Every twenty-eight days, when the Moon had turned her face to the stars to nap after a long month of watching over us, we would throw a party in town. We would light a big bonfire in the square and dance and keep each other up all night, then sneak into bed before the sun could see who had made such a mess. But there was one Dark Night when a young man who, having no interest in women or wine, started to walk along the red road to the sea.
Along the way, the young man ran into a beggar. We were told never to give money to beggars in case they were angels in disguise who could never make the flight back to Heaven with heavy coins in their pockets. Even so, it was getting close to the time of year when frost paints icy spider webs on pumpkins in the moonlight and makes the cornstalks too brittle to stand tall, and the man was moved by the beggar’s purple hands and shivering. He pressed a few coins into the beggar’s palm and continued walking.
It took the young man a while to reach the sea, and by the time the road had gone from clay to sand, he was sick with guilt over his potential wickedness. He was glad that the Moon was too tired to see what he had done, but felt the need to confess. He found a clam sleeping under a blanket of foam that the sea had left on the shore and ran his thumb along the ridges of the clam’s chipped white shell until it awoke.
The clam was slow to respond because he was dying. Earlier that day, a moon snail had drilled a hole in the shell that the clam had built of himself, for himself, by himself—and began to eat him. Before the moon snail could finish the job, though, a seagull came and plucked her off the clam and ate her, leaving the clam alone on the beach to die. The clam was very tired and in a lot of pain, but the warmth of the young man’s thumb made him smile within his shell and look out of the hole that the moon snail had left.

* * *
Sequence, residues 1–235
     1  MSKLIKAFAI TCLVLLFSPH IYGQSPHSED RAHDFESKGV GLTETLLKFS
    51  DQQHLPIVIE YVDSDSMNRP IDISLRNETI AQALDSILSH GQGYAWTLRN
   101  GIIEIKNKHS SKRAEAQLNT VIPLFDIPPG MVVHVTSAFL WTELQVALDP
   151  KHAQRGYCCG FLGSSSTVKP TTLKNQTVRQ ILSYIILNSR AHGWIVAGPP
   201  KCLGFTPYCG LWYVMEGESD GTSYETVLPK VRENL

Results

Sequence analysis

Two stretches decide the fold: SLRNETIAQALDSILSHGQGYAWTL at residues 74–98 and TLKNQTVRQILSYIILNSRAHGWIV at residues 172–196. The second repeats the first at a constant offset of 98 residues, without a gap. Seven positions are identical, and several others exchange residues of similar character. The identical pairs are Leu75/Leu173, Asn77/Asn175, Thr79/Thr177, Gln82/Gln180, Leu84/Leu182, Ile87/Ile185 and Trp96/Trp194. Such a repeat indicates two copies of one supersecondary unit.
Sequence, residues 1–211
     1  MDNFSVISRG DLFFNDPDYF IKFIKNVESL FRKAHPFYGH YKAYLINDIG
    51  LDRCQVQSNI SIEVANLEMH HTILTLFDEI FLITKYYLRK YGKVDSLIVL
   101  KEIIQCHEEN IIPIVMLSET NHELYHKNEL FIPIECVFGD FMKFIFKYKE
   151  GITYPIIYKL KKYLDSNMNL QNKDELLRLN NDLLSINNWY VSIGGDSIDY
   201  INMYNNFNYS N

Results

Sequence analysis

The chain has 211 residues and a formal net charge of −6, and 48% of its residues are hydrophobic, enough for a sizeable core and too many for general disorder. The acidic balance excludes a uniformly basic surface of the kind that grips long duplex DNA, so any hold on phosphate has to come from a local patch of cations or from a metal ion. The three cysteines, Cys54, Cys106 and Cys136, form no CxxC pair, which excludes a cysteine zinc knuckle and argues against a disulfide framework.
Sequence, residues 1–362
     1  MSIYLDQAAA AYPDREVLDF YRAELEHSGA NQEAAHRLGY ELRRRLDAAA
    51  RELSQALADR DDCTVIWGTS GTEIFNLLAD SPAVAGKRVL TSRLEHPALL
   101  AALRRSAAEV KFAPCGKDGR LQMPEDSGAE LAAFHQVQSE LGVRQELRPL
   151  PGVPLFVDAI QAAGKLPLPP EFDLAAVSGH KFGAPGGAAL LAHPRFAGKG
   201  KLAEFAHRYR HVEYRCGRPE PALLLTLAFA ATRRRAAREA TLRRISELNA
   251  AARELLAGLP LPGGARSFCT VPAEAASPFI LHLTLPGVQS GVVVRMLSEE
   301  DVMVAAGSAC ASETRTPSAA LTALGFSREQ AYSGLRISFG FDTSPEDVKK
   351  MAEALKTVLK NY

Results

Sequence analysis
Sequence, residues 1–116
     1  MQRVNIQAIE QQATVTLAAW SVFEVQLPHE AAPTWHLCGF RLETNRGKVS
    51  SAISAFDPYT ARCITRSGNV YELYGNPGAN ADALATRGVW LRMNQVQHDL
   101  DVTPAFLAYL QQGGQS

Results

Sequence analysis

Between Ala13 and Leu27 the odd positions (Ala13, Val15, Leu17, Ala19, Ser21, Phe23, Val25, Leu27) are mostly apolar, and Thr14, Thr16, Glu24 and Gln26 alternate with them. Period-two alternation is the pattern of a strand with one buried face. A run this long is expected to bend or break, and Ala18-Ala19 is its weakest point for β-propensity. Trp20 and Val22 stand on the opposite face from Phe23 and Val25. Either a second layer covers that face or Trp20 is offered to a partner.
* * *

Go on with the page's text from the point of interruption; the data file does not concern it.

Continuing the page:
“Clam, I am sorry to wake you, but need someone to talk to. I have a terrible secret.”
“There is not much of me left in here, so if you whisper your secret into the hole the moon snail made, I will keep it in here for you. In return, I ask only that you bury me in the clay. I have never liked it here, never been able to make pearls out of the sand that slips past my lips. I think I should like to go to the clay, and someday be a jug of moonshine or the brick of a chimney. Something useful.”
The young man agreed and whispered his secret into the hole the moon snail made. The clam, however, had underestimated the greatness of the sorrow that the young man had attached to his secret. The clam’s shell was too small to hold the secret or the sorrow and burst in the young man’s hand, and the clam died. The young man took the matches out of the matchbox in his pocket and turned it into a coffin for the clam. A one-man funeral train, he cried all the way back to town.
The young man went into his backyard and buried the clam deep in the clay, staining his hands and clothes red. We were all asleep when he walked past the dying fire in the town square, when he picked up a chunk of pine that was still burning and scarred his hands red forever. Joseph Hollow says he heard the young man scream, but everybody knows he was silent as he walked back to the sea with his red hands and swam to the mainland.
When the Moon awoke, the stars told her what had happened. They searched for the young man to tell him that it was okay, that he had nothing to be sorry for, but they could not find him anywhere. A month later, a red clay tree had grown from where the young man had buried the clam. It has no fruit or leaves, just a trunk and many twisted branches. But every new moon, silver coins grow from it and people can read their own secrets on the coins by the light of the bonfire. And no one ever tries to take the coins and no one is ever ashamed.
Originally published in Mama Grande Press Issue 1.